Caafisom, a healthtech startup, secures $110,000 funding and sets a precedent for tech investment in Somaliland, a de facto independent state striving for international recognition.
In significant news for the nearly 6m inhabitants of Somaliland, an unrecognised state located on the southern coast of the Gulf of Aden, Caafisom, a healthtech startup based in the capital city of Hargeisa, has completed a $110,000 seed investment round led by the US-based venture capital fund Tofino Capital and the locally based Takeoff Fund.
The company, co-founded by local entrepreneurs in 2021, provides software and logistics services for hospitals to digitise patients’ health records. Users can book doctor appointments, access their medical records, and consult with health experts through their in-house app.
According to co-founder Mohamed Ismail Ahmed, the startup currently operates in multiple hospitals across the country, including Hargeisa Neurology Hospital and Needle Hospital in Hargeisa, and attracts an average of 400-500 new users daily.
With this new funding, completed in May, Caafisom has been able to increase its workforce and pursue its expansion plans. “The funding has enabled us to hire more people. This means we can be present at more locations and hospitals, which, in turn, allows us to register more people daily. Moving everything online takes a lot of time and manpower, so it was important that we could hire employees,” says Ismail.
But the healthtech company, which becomes Somaliland’s first ever funded startup, has ambitions beyond the de facto borders of this small state. In the short term, it plans to expand its business first in neighbouring Somalia, and then across the Horn of Africa.
“The plan is to open new offices in Mogadishu and Garowe, both in Somalia, and Addis Ababa, Ethiopia, over the next couple of weeks, and be present in Djibouti, Kenya, Sudan, and Tanzania in the next six months,” says Ismail.
Caafisom’s arrival would mark a diversification of Somaliland’s agriculture-dominated economy. In 2021, more than 60% of Somaliland’s exports were live animals, mainly to Gulf Arab countries through the city port of Berbera.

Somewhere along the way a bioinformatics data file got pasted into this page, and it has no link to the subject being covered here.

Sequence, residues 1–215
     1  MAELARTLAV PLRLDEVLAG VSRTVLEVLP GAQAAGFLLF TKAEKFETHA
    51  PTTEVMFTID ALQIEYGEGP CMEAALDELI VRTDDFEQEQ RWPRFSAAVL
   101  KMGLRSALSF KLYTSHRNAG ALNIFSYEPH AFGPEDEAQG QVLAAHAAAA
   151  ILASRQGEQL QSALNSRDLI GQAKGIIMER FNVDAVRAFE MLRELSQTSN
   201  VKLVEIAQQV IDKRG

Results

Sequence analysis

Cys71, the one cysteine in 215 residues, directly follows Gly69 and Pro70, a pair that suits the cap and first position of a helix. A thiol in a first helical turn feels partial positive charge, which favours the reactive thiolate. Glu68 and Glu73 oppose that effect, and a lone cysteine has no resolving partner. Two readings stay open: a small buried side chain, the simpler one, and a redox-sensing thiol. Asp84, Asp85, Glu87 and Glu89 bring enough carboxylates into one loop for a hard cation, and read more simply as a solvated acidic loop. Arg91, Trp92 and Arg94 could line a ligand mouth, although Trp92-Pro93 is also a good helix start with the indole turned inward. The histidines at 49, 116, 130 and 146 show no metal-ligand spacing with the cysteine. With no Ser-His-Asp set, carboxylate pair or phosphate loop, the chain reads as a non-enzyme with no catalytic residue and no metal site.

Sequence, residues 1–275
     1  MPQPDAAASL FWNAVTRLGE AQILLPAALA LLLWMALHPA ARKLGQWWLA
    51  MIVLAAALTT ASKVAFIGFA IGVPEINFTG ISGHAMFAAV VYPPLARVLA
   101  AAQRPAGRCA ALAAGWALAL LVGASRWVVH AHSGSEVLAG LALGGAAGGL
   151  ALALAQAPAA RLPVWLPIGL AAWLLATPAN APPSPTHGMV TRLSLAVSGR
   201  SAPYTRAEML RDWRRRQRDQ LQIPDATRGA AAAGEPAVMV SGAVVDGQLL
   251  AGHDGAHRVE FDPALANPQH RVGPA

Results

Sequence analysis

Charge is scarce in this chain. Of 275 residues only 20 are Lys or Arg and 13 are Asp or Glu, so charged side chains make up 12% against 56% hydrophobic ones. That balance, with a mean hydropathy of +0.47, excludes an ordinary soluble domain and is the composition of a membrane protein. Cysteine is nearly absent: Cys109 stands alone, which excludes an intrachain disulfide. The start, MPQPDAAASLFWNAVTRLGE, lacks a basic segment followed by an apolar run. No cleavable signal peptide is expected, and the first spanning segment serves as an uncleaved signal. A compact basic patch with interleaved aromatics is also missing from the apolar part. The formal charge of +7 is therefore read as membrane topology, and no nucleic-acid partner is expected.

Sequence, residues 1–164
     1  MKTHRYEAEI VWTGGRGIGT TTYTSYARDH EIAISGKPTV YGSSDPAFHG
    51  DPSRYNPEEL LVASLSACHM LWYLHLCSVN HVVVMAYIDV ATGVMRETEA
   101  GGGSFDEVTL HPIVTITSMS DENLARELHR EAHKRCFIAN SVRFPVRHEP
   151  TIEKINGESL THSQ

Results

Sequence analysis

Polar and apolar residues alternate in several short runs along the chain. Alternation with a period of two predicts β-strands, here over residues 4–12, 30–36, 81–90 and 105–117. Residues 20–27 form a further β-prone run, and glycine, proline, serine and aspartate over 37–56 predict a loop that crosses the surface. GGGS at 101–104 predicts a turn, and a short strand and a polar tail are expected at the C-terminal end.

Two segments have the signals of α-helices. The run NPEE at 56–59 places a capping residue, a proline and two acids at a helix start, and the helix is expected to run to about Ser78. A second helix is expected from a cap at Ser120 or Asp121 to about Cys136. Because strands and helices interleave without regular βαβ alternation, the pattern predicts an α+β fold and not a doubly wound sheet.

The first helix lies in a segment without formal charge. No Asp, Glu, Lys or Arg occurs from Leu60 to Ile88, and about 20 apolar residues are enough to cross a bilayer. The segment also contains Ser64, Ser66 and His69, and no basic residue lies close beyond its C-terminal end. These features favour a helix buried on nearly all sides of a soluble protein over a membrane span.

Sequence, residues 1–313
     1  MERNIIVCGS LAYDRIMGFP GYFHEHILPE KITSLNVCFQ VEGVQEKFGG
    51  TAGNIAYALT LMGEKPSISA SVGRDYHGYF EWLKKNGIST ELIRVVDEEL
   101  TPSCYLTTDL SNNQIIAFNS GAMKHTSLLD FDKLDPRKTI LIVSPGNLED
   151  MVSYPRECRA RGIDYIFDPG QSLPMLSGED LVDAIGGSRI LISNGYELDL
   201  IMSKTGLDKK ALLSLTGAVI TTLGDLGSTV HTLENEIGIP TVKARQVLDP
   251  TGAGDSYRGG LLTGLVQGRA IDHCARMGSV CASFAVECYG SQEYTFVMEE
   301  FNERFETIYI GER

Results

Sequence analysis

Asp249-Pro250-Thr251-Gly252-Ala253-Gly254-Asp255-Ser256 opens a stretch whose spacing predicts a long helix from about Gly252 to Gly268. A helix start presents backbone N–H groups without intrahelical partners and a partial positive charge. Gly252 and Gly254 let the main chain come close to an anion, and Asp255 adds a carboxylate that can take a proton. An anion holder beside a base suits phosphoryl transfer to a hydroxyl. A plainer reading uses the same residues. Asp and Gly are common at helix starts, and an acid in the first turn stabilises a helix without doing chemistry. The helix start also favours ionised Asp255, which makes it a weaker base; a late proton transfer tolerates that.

Somali diaspora fosters tech-focused investment
Ismail is part of a large diaspora eager to return and invest in their country of origin. The entrepreneur graduated from Middlesex University in the United Kingdom in 2012, before returning home and launching Caafisom.
“Somaliland is a unique place due to the combination of local and diaspora ideas,” says Ismail. “The diaspora coming back to Somaliland brings solutions that exist in the West. These could be things that we take for granted but don’t exist here. There are plenty of things needed in the region that could improve people’s lives. Due to all this need and demand, I think Somaliland and Somalia are future markets with unbelievable potential.”
In an economy worth $3.5bn, remittances to Somaliland from the diaspora amounted to over $1.3bn in 2020, according to figures reported by the FT. The International Organization for Migration (IOM) has estimated that 25-40% of the population receives regular remittances from abroad.
The regular transfers have led Somaliland entrepreneurs to play a key role in the flourishing money transfer industry. Ismail Ibrahim Ahmed, a Somaliland-born entrepreneur who was smuggled out of the country to the UK at the outbreak of the civil war, founded UK-based WorldRemit in 2010, which has since received $700m in funding and is now valued at over $5bn.
Investing in an ‘unrecognised’ state
Somaliland broke away from neighbouring Somalia in 1991, but no foreign power has ever recognised the state’s sovereignty. This status makes it difficult to get its voice heard and attract international investors.
“Somaliland’s status as a self-proclaimed territory will, of course, be an issue for many investors as they will worry about law and order,” says Ismail.